Sunny side up

Sunny side up

Students really need to unwind and keeping themselves occupied during summer holidays, advises Dr Ali Khwaja.

Aditya’s academic year, quite like most other students’, was an unrelenting refrain of “study, study, study”, left, right, and centre! Now exams are finally over, and Aditya is free from studies. For a day or two the thrill was overwhelming. He went out with his friends, partied for some time, and then …. most friends drifted away in their own worlds.

Suddenly the free time didn’t look as exciting as he had visualized in all the previous months when he was deeply immersed in studies and was craving for end of the academic year. Even Aditya’s parents are a little confused and unsure how to deal with him and keep him occupied and out of their way.

For some children though, summer holidays are getting shorter and shorter. In many schools, studies for 10th standard start soon after early completion of 9th annual exams. After 12th, majority of students are busy preparing for innumerable entrance and competitive exams that seem to go on and on. So those who are lucky to get a few weeks off should consider it a boon and make the best of their time.

By saying this, I am not suggesting the endless structured activities that force a child into the regimen (s)he hated throughout the academic year – swimming, painting, yoga, aerobics, yogic math, even tuition for the next year, one after another. I pity the children who are dragged from one ‘skill’ class to another robbing the holiday time of mental and physical relaxation.

Of course, a few children might actually enjoy skill building classes. For such children, many cities offer opportunities to learn unique skillsets like horse riding, robotics, microlight flying, aeromodelling, magic, dog breeding and care of pets, games design for mobiles, electronic circuitry, river rafting, wall climbing, public speaking, quizzing, terrace gardening, and making soft toys to name a few.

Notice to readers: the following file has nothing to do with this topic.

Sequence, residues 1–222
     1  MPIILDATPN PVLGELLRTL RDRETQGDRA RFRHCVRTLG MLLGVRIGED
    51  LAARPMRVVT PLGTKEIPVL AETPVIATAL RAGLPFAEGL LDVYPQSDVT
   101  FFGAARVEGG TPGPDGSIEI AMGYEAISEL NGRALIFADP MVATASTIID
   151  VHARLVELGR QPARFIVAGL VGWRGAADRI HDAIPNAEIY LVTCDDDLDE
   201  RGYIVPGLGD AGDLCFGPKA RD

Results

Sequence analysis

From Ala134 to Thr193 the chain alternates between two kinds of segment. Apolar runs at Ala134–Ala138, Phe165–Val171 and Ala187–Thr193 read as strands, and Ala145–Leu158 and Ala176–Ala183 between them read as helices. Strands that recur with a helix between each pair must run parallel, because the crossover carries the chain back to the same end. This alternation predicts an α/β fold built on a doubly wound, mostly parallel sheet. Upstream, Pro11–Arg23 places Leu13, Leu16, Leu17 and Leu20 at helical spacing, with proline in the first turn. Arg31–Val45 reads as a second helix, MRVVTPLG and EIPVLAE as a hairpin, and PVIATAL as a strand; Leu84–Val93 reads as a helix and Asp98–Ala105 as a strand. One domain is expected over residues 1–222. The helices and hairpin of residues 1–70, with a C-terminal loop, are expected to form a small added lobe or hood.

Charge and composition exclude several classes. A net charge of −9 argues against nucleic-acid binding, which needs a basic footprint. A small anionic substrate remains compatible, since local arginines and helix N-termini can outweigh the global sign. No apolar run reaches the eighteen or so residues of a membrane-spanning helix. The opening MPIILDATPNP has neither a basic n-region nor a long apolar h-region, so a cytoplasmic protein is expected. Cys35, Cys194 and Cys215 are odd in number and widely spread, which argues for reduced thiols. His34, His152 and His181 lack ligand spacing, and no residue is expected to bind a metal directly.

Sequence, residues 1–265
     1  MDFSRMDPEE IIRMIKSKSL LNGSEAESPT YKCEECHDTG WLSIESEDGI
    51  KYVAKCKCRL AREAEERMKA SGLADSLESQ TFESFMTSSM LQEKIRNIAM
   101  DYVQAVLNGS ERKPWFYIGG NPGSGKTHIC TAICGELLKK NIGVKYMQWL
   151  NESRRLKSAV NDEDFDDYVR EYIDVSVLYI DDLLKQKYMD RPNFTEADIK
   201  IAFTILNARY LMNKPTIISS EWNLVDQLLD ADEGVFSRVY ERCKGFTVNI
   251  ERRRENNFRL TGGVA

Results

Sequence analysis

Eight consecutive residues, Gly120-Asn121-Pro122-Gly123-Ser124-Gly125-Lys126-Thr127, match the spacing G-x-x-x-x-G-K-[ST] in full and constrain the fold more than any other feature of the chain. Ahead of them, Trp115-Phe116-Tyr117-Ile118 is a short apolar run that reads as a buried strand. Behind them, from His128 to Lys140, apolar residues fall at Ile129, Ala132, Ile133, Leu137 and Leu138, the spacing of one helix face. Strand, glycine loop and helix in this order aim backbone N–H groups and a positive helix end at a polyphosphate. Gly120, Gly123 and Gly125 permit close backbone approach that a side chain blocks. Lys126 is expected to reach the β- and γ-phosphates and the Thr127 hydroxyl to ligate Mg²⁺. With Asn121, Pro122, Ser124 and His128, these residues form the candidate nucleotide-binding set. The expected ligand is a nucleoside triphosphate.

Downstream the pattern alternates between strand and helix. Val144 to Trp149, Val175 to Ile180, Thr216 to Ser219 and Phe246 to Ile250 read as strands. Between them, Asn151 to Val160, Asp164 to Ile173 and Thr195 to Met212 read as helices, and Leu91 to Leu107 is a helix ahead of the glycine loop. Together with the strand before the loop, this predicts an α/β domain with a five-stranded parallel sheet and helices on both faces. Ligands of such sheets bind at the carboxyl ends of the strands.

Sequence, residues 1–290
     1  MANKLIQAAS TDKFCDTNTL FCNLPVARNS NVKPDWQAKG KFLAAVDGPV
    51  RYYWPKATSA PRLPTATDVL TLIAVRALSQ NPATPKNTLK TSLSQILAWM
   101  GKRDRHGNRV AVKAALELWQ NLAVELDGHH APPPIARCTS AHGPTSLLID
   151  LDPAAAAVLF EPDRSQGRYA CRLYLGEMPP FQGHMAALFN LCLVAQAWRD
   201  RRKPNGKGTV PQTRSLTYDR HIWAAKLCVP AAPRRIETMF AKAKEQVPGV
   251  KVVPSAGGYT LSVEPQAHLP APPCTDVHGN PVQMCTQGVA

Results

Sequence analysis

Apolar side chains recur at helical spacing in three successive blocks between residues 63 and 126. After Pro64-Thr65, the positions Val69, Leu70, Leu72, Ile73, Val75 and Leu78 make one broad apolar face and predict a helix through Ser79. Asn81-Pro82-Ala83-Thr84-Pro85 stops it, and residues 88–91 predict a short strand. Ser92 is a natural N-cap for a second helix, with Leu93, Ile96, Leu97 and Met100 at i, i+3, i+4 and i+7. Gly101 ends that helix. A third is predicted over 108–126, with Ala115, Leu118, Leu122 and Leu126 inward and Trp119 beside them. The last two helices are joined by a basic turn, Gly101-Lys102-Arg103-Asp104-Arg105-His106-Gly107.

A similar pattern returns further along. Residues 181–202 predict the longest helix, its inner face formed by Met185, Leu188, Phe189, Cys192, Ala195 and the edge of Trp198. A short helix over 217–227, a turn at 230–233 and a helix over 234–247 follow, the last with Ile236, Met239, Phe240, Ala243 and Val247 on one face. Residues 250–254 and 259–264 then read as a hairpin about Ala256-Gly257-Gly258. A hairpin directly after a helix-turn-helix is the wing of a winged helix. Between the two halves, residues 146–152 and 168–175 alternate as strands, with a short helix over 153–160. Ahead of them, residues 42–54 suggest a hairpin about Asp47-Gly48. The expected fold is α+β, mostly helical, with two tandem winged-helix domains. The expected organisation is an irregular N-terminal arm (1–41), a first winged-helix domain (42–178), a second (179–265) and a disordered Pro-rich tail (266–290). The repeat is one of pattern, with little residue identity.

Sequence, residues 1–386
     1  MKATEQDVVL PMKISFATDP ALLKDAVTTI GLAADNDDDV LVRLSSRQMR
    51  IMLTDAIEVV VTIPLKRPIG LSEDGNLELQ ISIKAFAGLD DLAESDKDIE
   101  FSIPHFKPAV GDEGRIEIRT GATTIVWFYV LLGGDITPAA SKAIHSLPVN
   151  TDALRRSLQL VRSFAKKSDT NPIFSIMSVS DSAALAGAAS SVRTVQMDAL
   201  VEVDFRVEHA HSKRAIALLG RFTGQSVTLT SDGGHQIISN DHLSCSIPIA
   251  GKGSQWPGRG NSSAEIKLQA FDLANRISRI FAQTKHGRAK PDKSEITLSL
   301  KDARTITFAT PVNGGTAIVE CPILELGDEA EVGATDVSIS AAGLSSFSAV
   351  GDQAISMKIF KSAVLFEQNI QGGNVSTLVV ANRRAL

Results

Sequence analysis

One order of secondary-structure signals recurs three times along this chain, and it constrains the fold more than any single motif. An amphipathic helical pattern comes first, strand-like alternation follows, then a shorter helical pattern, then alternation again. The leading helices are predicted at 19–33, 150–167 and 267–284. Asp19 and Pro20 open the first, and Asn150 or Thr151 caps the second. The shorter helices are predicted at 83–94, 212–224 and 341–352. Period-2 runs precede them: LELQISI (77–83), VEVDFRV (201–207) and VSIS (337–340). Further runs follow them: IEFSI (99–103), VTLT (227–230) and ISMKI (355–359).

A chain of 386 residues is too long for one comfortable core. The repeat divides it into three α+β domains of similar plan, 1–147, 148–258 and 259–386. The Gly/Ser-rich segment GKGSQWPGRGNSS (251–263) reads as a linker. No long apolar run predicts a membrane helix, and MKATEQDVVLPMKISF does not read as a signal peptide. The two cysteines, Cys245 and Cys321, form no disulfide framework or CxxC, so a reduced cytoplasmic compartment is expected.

In the past three decades I have watched kids’ summer holidays turn from freedom and exploration, to regimentation and confinement. Open playgrounds and urban forests have disappeared, nature treks are too far away, and security concerns do not allow children to just roam around and explore the surroundings on their own. While parents’ concern and focus on their children has increased, they find themselves helpless in deciding what would be the right way to plan their holidays.

To quote Dr. Shyamala Vatsa, consultant psychiatrist and author of ‘A little book for the Hindu child’ – “Where parents are going wrong is in following the herd, sending a child through activities because other people are, without tuning in to their child’s needs to ascertain that he’ll like it.

Also perhaps in treating them like future resume-enhancers. My nephew took a course in Magic in the summer holidays when he was 11 or 12. He loved it, and seemed to have a flair for it. Eventually the magician he was training under began taking him along on shows as an assistant, mostly to children’s birthday parties. And no worries, he turned out well enough – he is an engineer now!” Her sarcastic tone is suggestive enough.

Let us reflect on some exciting, enjoyable and yet enlightening activities which children of different ages can take up in summer: